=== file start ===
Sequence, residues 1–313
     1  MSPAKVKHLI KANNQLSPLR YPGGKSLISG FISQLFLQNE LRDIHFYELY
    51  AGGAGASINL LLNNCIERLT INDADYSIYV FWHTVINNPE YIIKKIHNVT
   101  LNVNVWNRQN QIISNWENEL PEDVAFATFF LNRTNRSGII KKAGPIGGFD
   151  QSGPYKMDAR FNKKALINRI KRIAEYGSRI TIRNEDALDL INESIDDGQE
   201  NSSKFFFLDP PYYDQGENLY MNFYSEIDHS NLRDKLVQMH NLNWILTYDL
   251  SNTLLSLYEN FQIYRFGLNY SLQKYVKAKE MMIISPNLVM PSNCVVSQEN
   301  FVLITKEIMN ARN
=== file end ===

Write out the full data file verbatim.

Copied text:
Sequence, residues 1–313
     1  MSPAKVKHLI KANNQLSPLR YPGGKSLISG FISQLFLQNE LRDIHFYELY
    51  AGGAGASINL LLNNCIERLT INDADYSIYV FWHTVINNPE YIIKKIHNVT
   101  LNVNVWNRQN QIISNWENEL PEDVAFATFF LNRTNRSGII KKAGPIGGFD
   151  QSGPYKMDAR FNKKALINRI KRIAEYGSRI TIRNEDALDL INESIDDGQE
   201  NSSKFFFLDP PYYDQGENLY MNFYSEIDHS NLRDKLVQMH NLNWILTYDL
   251  SNTLLSLYEN FQIYRFGLNY SLQKYVKAKE MMIISPNLVM PSNCVVSQEN
   301  FVLITKEIMN ARN